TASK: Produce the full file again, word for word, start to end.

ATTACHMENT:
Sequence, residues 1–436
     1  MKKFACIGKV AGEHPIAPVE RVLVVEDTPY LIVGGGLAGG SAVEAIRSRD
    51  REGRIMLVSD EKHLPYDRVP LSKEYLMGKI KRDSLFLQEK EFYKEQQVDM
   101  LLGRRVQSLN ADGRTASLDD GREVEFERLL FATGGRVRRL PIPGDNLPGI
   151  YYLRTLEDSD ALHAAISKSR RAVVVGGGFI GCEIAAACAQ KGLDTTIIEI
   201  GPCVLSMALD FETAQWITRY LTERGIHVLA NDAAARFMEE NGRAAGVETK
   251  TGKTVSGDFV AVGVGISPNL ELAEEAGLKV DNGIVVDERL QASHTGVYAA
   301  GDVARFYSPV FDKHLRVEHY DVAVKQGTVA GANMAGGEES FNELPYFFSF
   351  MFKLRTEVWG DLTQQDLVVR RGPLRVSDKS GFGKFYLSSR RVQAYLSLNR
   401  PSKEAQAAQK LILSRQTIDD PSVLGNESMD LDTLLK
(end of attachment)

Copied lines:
Sequence, residues 1–436
     1  MKKFACIGKV AGEHPIAPVE RVLVVEDTPY LIVGGGLAGG SAVEAIRSRD
    51  REGRIMLVSD EKHLPYDRVP LSKEYLMGKI KRDSLFLQEK EFYKEQQVDM
   101  LLGRRVQSLN ADGRTASLDD GREVEFERLL FATGGRVRRL PIPGDNLPGI
   151  YYLRTLEDSD ALHAAISKSR RAVVVGGGFI GCEIAAACAQ KGLDTTIIEI
   201  GPCVLSMALD FETAQWITRY LTERGIHVLA NDAAARFMEE NGRAAGVETK
   251  TGKTVSGDFV AVGVGISPNL ELAEEAGLKV DNGIVVDERL QASHTGVYAA
   301  GDVARFYSPV FDKHLRVEHY DVAVKQGTVA GANMAGGEES FNELPYFFSF
   351  MFKLRTEVWG DLTQQDLVVR RGPLRVSDKS GFGKFYLSSR RVQAYLSLNR
   401  PSKEAQAAQK LILSRQTIDD PSVLGNESMD LDTLLK